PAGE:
[Part Two of a series about the Reds getting the next six months right. The first post covered the financial picture facing the Reds in 2015. Later posts will address blowing up the team, the specific need for hitting over pitching, the left field market, the terrible twos, trading a starting pitcher, Aroldis Chapman and building a better (and cheaper) bullpen.]
The financial context outlined in the previous post set the parameters for big-picture choices confronting the Cincinnati Reds this offseason. Broadly, those options fall into three categories: (1) Stay the course, (2) trade pitching for hitting and (3) blow up the team.
Options 1 and 2 are similar and relyÃ‚Â on this basic calculation: 2013 + 2014 = 2015.
Here’s the argument for that math. Those advocating “blow the Reds up” look at the 2013 and 2014 rosters and say the current core group has failed each of those years. They ask, why try another season with basically the same players? While it’s easy to be sympathetic to the frustration that spawns that conclusion, the problem with that thinking is that each of those seasons lacked significant pieces that are readily available in 2015.
The 2013 Reds, for example, not only didn’t have a healthy Johnny Cueto, they also didn’t have the new-and-improved Devin Mesoraco. That’s a Cy Young runner-up and an MVP-caliber hitter. That team won 90 games and made it to the play-in game. Imagine if they added 20-game winner Cueto and 25-homer Mesoraco.
The 2014 team had a litany of injuries, most notably Joey Votto and Jay Bruce. But add also the important limitations on Homer Bailey, Mat Latos, and Aroldis Chapman. Mesoraco also missed time twice on the DL.
Assembling the 2015 Reds primarily from the core, healthy parts of the 2013 and 2014 rosters would look like this:
From 2013 Ã‚Â Joey Votto returns healthy from his quad strain and hits .300/.430/.500 — a season at least as good as 2013. Ã‚Â Given what we know about his injury, there’s no reason to believe he won’t be back at 100 percent for spring training and the 2015 season. Votto and the Reds have been conservative with the timeline of his second return and he’s almost ready right now.
Jay Bruce comes back after having the offseason to rehabilitate his knee. The 28-year-old Bruce returns to his 2012 and 2013 Silver Slugger numbers – 30 home runs, 40 doubles and hits .260/.330/.500. Ã‚Â 2014 was an aberration caused by his mid-season knee surgery and too-quick return to play.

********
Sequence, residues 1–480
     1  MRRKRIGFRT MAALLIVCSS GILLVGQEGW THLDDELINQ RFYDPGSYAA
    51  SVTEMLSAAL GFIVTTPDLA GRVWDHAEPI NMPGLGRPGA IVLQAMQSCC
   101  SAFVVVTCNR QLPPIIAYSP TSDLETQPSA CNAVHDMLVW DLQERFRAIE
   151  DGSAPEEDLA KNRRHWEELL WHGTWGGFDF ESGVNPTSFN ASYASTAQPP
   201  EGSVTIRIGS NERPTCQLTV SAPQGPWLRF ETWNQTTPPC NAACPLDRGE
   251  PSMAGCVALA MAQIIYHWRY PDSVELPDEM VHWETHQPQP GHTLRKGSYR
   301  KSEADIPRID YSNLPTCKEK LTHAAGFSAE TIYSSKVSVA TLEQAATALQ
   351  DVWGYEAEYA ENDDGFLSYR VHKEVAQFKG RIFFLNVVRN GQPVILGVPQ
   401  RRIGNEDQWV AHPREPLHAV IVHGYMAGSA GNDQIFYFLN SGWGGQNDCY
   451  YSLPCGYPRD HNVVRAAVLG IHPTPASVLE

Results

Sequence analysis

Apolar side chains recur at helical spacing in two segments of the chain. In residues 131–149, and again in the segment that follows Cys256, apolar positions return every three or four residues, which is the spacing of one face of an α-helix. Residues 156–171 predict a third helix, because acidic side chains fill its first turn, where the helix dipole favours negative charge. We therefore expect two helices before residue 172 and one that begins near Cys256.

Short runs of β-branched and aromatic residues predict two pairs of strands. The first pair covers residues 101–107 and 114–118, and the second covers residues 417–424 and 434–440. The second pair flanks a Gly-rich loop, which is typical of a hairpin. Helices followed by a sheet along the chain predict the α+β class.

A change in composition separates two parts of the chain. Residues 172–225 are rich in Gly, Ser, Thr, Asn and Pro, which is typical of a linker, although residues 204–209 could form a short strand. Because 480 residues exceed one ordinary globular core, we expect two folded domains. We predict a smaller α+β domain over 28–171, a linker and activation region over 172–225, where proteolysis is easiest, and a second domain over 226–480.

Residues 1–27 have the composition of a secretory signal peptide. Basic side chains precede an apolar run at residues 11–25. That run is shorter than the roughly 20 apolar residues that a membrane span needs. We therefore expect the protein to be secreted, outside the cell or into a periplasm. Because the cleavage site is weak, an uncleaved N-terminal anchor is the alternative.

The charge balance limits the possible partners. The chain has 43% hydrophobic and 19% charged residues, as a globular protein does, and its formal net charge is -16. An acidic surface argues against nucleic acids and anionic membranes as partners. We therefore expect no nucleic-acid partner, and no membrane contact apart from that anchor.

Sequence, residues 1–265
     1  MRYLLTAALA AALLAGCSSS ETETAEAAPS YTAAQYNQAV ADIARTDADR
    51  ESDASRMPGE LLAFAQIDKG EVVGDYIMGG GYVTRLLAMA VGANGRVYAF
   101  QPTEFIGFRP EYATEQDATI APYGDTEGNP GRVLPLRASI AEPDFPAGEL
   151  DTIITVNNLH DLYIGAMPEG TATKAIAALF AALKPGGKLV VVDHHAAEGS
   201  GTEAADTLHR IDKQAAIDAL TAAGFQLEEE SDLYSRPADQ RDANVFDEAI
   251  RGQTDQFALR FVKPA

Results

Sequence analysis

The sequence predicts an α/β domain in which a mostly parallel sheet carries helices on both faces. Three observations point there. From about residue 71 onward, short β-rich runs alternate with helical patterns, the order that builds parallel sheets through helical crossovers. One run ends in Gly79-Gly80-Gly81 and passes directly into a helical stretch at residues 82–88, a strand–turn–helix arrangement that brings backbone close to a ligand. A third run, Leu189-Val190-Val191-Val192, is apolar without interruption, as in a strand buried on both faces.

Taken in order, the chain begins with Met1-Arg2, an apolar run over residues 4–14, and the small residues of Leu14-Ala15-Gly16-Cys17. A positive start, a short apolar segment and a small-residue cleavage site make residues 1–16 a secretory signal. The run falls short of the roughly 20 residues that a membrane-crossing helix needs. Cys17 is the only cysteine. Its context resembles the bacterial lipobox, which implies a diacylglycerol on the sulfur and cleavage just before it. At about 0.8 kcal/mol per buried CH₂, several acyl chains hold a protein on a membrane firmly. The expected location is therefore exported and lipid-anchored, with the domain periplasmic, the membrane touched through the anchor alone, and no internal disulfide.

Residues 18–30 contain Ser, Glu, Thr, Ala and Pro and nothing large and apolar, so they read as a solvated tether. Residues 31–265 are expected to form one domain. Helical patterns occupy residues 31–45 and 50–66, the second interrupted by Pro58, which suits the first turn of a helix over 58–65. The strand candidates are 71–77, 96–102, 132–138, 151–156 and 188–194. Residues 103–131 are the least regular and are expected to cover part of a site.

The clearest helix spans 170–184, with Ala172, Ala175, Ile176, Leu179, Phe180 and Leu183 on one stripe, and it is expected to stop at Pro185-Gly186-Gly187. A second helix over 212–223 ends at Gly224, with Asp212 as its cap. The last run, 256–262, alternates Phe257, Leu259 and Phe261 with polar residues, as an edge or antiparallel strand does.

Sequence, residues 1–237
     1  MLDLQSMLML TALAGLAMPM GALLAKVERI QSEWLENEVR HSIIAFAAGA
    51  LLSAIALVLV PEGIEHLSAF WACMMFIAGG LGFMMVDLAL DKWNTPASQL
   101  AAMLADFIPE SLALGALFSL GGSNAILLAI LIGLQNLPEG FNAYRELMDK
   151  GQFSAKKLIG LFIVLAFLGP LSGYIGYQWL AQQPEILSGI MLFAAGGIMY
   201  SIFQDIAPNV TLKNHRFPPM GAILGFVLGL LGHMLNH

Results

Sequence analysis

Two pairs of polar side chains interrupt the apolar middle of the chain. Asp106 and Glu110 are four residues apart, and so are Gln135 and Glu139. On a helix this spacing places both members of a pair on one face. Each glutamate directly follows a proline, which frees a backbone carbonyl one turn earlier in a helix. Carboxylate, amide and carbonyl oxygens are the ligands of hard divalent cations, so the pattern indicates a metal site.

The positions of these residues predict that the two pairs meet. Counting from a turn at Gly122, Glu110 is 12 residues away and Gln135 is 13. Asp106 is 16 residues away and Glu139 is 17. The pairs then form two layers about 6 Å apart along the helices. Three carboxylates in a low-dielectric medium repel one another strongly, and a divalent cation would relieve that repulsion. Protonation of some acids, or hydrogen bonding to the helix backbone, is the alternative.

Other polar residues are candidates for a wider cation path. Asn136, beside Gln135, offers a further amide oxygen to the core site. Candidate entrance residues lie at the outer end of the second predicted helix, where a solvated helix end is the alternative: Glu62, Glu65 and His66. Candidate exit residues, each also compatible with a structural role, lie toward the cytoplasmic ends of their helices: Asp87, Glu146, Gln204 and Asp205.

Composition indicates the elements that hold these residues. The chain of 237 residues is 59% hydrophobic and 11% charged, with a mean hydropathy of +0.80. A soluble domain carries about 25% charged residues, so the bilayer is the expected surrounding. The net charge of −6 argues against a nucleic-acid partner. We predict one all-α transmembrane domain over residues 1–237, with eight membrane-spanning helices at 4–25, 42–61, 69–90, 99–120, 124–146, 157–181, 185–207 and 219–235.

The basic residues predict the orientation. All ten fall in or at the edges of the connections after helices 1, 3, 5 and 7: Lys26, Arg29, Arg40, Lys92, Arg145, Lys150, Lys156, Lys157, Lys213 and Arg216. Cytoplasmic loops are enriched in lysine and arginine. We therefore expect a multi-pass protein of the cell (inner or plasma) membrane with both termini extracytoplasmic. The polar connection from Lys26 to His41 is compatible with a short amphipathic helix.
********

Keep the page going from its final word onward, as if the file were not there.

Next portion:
Mat Latos starts the year healthy and puts up his top-of-the-rotation career-average numbers.Ã‚Â Homer Bailey gets 30 healthy starts and pitches like he did in 2013 and the last couple months of 2014. Tony Cingrani returns to health and pitches capably in the bullpen.
From 2014 Ã‚Â Devin Mesoraco healthy at the start of the season, puts up .275/.350/.500 or better.Ã‚Â Todd Frazier hits .275/.335/.480 like he did in 2014 and 2012.Ã‚Â Johnny Cueto sets to work on another Cy YoungÃ‚Â season. Mike Leake continues his steady improvement. Aroldis Chapman strikes out half the batters he faces.
Start with that core of Votto, Bruce, Mesoraco and Frazier and stack those four bats 2-6 in the lineup. Cueto, Latos, Bailey, Leake and Simon in the rotation.A first-class starting rotation. All healthy. Add the defense-oriented guys up the middle — Billy Hamilton, Brandon Phillips and Zack Cozart. Aroldis Chapman closes.
That is not enough, however.
Even implementing a “stay the course” strategy, the Reds need a new left fielder. They could acquire one through free agency or trade.
After we look at the free agent options for LF and the qualities the Reds need in a left fielder, it may turn out that it would make sense to trade a starting pitcher to obtain a bigger LF upgrade.Ã‚Â But trading Mat Latos or Mike Leake, for example, for a bat isn’t “blowing the team up.” That trade would be a variation on the theme of sticking with the current core another year.
Others argue for a more radical approach to 2015 than the one outlined above. I’ll discuss that in the next post.
Getting the Offseason Right – Next: The big bang theory